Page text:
In support of the hypothesis that cycles had become milder and shorter, Zarnowitz drew on results from NBER studies. The four recessions in the United States between 1948 and 1961 had an average duration often months, whereas the twenty-two recessions between 1854 and 1948 averaged twenty-two months and were more than ten months in all but three cases. Expansions had also become longer. Between 1949 and 1961 the average duration was thirty-six months and between 1961 and 1969 it was forty-nine months, whereas for the period 1854-1945 the twenty-two expansions had an average duration of twenty-nine months. This shortening of contractions and lengthening of expansions is clearly consistent with the growth cycle hypothesis. Romer (1986), however, finds that the methods used to construct the conventional US industrial production figures have exaggerated the fluctuations in the series, especially pre-First World War. This was consistent with Romer's previous findings that historical US unemployment and GNP series are excessively volatile, and suggests that the apparent stabilisation of the post-war economy might be a statistical artificat not warranting the status of a "stylised fact'.

Zarnowitz postulates that the observed changes could originate from a number of sources. Firstly, the intensity of external shocks could have been reduced since the strongest shocks are probably caused by major wars. Zarnowitz looks at years excluding wars and still finds that the more recent cycles had more moderate contractions and longer expansions, though the expansions are perhaps a little less vigorous. As if to verify this view the 1970s brought larger shocks, particularly the oil price shocks of 1973 and 1979; these seem to have caused another structural change in the cycle, growth trends becoming less pronounced and zero and negative growth again being recorded in recessions. In addition, in the 1950s and 1960s the economies could still have been feeling the benefits of the major shock provided by the Second World War. In this connection the long swing hypothesis would suggest that the 1950s and 1960s represented an upswing of the long wave, with typically strong growth trends, and the 1970s brought a downswing of the wave, with weaker, and possibly zero or negative, growth trends. Advocates of this view include Mandel (1978a, 1978b, 1980) and Van Duijn (1983).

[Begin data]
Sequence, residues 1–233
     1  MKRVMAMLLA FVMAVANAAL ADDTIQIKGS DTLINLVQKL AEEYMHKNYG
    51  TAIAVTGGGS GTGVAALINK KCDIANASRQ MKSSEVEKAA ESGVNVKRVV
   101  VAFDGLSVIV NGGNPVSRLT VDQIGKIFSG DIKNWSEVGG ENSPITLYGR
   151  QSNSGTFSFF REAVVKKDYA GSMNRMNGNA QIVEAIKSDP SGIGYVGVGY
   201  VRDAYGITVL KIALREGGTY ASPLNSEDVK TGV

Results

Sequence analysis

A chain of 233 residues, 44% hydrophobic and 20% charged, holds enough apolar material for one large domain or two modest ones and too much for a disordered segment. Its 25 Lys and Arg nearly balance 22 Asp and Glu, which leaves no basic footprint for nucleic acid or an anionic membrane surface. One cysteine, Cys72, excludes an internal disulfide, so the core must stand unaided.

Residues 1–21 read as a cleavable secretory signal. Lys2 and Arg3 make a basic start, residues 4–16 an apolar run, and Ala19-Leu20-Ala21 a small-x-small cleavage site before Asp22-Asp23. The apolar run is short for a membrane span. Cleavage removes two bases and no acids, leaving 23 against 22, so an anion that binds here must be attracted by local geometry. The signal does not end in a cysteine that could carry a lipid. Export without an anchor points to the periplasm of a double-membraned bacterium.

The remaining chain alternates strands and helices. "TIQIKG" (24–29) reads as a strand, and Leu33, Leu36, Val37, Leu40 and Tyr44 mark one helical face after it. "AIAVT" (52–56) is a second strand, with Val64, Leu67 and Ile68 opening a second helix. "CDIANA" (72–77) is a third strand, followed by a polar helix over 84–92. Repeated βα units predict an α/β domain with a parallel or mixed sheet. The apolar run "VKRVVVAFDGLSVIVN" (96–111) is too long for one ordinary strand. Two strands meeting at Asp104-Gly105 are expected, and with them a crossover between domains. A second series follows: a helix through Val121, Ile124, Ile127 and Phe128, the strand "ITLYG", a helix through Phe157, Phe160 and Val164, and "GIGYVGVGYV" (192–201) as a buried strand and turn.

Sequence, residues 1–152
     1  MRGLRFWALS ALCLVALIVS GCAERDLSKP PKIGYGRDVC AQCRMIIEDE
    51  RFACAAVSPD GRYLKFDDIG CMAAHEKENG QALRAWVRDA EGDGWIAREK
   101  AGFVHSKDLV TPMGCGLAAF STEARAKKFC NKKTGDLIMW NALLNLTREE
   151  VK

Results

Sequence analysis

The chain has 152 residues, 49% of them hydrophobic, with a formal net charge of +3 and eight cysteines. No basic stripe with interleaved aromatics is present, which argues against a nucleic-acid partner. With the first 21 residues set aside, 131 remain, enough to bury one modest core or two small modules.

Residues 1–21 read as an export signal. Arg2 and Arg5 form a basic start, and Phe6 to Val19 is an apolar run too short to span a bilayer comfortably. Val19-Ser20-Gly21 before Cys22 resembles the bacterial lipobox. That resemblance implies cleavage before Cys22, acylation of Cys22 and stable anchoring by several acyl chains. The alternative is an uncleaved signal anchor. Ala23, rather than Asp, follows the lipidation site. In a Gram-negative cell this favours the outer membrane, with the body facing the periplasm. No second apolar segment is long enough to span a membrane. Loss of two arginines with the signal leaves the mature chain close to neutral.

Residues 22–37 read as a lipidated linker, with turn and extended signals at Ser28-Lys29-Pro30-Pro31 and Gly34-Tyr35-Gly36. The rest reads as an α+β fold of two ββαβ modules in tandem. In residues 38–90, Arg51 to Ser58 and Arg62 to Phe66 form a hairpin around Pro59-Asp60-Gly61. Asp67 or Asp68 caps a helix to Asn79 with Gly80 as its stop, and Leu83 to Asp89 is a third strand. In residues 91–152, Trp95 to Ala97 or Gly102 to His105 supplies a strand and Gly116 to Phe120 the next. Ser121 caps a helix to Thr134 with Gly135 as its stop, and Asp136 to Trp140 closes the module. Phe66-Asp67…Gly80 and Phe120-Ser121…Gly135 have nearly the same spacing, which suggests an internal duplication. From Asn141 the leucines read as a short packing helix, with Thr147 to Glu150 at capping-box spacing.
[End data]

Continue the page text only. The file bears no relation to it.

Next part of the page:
Secondly, the system could perhaps have become less vulnerable to shocks in the 1950s and 1960s as a result of the stabilising influences of structural, institutional and policy changes. The wider application of built-in stabilisers through the tax system and in transfer payments probably had such an effect. The role of government policy intervention also needed to be examined. In 1970 the belief seemed to be that although government policy reactions could sometimes get out of phase with the cycle - and had sometimes entailed overreaction and, therefore, had destabilising effects - government policy intervention, in the form of demand management, had contributed to the reduction in the amplitude of the cycle and to its conversion to a growth cycle in the post-war period. Alternative views of the role of the government in the business cycle are examined in Mullineux (1984, Ch. 3). In the 1970s, scepticism about the potential for the government to stabilise the economy using demand management grew. The disenchantment with demand management policies and the preoccupation with supply side policies in the late 1970s and early 1980s was prompted, in part, by the seemingly markedly different experience of the 1970s, in which inflation and unemployment were significantly higher and growth was lower than in the 1960s.

The general findings of the colloquium as outlined by Zarnowitz (1972), were as follows. First, economic fluctuations had become milder in the post-Second World War period in the United States and other developed countries, slowdowns in growth largely replacing declines in economic activity. Many features of these growth cycles are similar, though perhaps in modified form, to the classical business cycle. The Mintz paper shows that leading indicators are still useful for predicting declines and accelerations in growth. The Moore paper shows that rates of change of prices have a close correspondence with the US cycle. Fabricant finds that the 1969-80 diffusion indices resemble the patterns of past recessions. Second, structural changes were given much of the credit for the greater stability. The whole question of interactions between endogenous and exogenous forces, however, was judged to require further study, especially with reference to major historical changes. Research needed to be extended in three directions: